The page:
Whisper softly or you're dead

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Chapter two.

Danger is where you least expect it.

It was Sunday and Mary Jane’s day off. She was taking the bus to her home town for a day on the beach with her friend Susan. If it was warm they would swim or paddle and take a picnic lunch and giggle over their bottle of wine and ice creams, their only luxuries. She waited for the bus, humming to herself, thinking how easily the weather could change around here.

She suddenly felt her neck tingle. Someone was watching her from behind one of the doorways. The feeling was not good. A cold shiver froze her back and her breath felt tight. She turned around and it was Britt in the opposite doorway watching her intensely. He smiled but said nothing, just watched her until the bus arrived and then he joined the queue. He didn’t sit just behind her, merely at the back; but she felt his cold blue eyes boring through her, as if wishing her to turn around and acknowledge him. She felt dirty as if he were mentally stripping her.

No way, Pal! She didn’t want to encourage him nor get him into worse trouble with that cop. She had seen the look of fury in the cop’s eyes. It was not the anger of a professional doing his job but something more personal. He had frightened her for a moment until he showed her his badge.

She felt uneasy until she left the bus and her friend greeted her at the stop. Britt stood outside the bus looking around him, as if to show he was no longer interested in her but she wasn’t taken in.

‘Who is that guy whose eyes are glued to you? He looks as if he wants to hit on you.‘’

‘’Let’s go!’’ said Mary Jane taking her friend’s arm and hustling her in the direction of a beach café. ‘‘I’ll tell you everything when we get a seat.’’

Strange, thought Susan as her friend chose a seat in the middle of the crowded interior surrounded by others. Usually they sat outside away from the crowds eating their ices. Mary Jane felt safe in a crowd. He could not sit near her or reach her now. They claimed the last table and he sat outside looking through the window at them as if he could not take his eyes off her.

‘‘That guy is giving me the creeps,’’ said Susan shivering as she sat down.

‘’His name is Dave Britt. He gave me a lift and became fresh with me outside my apartment. He wouldn’t take no for an answer but a cop who lives in his block dragged him out of the car and threatened to hurt him if he didn’t leave me alone. He said Britt had been watching me and he had kept an eye on him.’’

‘’He didn’t arrest him?’’

‘‘No, no caution at the police precinct either. He just twisted his arm behind his back and frightened the bastard. He seemed really angry as if he took the threat to me personally!’’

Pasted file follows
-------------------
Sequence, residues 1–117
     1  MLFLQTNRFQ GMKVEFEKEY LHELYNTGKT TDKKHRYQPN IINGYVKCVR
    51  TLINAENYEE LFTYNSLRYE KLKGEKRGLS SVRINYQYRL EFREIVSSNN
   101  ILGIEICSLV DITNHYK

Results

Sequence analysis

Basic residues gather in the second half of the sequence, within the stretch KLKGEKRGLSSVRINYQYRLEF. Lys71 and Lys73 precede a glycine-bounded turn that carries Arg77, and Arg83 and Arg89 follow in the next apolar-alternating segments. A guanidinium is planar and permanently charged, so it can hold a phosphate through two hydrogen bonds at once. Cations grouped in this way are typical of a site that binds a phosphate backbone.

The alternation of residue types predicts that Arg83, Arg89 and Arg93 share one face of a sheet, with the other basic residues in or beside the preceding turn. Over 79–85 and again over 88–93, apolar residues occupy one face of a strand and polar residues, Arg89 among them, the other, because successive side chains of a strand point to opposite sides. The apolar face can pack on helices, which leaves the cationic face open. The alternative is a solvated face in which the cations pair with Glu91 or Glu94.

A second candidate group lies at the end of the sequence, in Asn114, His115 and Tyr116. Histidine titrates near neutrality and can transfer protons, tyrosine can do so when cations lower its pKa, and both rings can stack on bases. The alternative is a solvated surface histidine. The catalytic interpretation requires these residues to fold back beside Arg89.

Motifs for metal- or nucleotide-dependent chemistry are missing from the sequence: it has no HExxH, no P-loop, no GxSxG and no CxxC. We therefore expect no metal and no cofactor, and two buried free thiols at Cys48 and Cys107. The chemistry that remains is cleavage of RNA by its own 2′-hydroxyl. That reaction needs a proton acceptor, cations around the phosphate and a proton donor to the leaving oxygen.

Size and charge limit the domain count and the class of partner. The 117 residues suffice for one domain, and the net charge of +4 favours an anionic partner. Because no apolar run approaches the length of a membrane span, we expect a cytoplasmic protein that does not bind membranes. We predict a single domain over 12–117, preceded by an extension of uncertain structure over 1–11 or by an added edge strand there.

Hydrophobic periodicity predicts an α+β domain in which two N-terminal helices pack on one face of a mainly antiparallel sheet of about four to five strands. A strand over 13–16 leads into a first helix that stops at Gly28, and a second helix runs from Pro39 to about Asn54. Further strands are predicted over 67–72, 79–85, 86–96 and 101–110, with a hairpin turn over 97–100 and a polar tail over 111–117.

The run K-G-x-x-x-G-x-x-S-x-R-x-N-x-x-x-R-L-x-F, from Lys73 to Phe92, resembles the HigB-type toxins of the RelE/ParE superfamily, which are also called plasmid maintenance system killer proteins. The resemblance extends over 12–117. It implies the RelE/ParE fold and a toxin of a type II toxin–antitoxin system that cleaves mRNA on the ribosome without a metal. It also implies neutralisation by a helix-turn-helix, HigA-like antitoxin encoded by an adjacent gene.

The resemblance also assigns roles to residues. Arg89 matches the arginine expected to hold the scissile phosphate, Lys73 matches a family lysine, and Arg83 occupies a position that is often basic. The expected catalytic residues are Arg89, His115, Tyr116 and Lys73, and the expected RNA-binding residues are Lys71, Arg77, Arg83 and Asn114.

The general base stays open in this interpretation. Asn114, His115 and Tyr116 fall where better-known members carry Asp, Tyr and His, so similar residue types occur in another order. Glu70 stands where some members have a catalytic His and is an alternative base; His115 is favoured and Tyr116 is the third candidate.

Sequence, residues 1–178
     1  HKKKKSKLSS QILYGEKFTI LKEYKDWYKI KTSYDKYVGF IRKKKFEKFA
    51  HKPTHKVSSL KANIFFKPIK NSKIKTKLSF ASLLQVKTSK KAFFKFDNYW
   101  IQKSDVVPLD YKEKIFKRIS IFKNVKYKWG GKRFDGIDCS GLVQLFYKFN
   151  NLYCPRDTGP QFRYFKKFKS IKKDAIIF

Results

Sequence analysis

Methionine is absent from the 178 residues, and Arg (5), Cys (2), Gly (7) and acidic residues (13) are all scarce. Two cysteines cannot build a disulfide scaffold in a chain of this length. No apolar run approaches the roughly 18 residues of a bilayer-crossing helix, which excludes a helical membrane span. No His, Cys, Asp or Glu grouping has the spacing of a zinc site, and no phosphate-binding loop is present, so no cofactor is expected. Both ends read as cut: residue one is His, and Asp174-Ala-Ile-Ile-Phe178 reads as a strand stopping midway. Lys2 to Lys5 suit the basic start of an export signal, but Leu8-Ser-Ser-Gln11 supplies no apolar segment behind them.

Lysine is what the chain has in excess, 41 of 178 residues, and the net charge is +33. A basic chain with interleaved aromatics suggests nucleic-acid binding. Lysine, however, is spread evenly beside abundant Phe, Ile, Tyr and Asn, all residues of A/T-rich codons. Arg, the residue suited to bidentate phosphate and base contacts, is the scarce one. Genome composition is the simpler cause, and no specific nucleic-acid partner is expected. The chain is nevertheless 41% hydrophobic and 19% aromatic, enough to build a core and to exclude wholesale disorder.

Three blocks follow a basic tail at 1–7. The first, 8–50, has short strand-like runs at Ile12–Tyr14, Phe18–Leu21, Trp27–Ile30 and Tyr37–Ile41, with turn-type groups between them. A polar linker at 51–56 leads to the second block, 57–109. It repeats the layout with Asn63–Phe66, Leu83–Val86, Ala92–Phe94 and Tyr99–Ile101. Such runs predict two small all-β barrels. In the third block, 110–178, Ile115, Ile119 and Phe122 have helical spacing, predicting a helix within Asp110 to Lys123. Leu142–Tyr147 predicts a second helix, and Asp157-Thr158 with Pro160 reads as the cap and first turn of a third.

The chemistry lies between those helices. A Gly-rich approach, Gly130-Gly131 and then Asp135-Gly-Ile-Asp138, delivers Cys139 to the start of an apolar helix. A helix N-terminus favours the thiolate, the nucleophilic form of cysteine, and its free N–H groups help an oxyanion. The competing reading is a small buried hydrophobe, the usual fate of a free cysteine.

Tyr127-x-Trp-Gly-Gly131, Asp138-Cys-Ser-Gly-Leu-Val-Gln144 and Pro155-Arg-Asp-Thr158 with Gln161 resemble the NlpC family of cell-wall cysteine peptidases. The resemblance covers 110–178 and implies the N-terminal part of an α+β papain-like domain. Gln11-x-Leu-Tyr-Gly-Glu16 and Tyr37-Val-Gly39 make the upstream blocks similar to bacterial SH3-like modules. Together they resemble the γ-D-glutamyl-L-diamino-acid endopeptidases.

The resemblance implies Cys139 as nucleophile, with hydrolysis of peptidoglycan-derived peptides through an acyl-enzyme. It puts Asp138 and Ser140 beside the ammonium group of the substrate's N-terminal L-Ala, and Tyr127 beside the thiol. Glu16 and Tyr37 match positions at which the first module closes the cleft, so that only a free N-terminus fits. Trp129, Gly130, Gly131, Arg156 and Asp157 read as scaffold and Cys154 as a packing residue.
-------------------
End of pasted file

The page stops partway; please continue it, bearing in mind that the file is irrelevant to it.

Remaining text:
’’Well, Britt doesn’t seem to have heeded his warning. What are you going to do?

‘‘Ignore him. I’m safe while I’m with you. He isn’t stupid. He is an accountant. If he follows me around all day, then I’ll report him to the cop.’’

‘‘I still feel uncomfortable with you going home on the bus with him. I wish I had a car to take you home. Tom is away, or he would give you a lift.‘’

Not for the first time did Mary Jane wish she had a decent boyfriend like Susan’s Tom who would walk on water for her. Her fiancé had treated her as if she was unimportant, her needs coming second to his career. He had dropped her like hot cakes when she left college to look after her mother, studying by correspondence when she had to become the breadwinner of her family. She was not the driven ambitious woman he hoped to accompany him to the top of his legal career.

‘‘I don’t want a wife dragging her feet behind me, Mary Jane. Let Welfare services take care of her,’’ he ordered brutally. She had refused knowing the kind of home her mother could end her days in; dreary, understaffed, wishing an early death. She refused, and he had terminated their engagement and she had moved into her mother’s apartment.

They spent a great day on the beach, the autumn sun unusually fierce bronzing them and warming them. Britt followed them to the beach where they lay eating and chatting but then vanished. Their unease dissipated until about six o’clock when he reappeared. Susan waited at the bus stop with her. Seeing him waiting behind them her friend grabbed her arm and ordered her fiercely, ‘’I want you to ring me when you get home and not a moment later. Dial that cop’s number and put it on auto dial so you can ring him if Britt accosts you. He can be with you in minutes or get the cops to you.’’ Mary Jane nodded and keyed in the number to satisfy her friend.

She climbed into the bus and sat behind the driver. Britt went to the back again. Susan, never backward in coming forward told the driver, ‘’That creep at the back in the khakis and leather jacket is pestering my friend. He has been warned by the cops to leave her alone. Keep an eye on her for me will ya, please?’’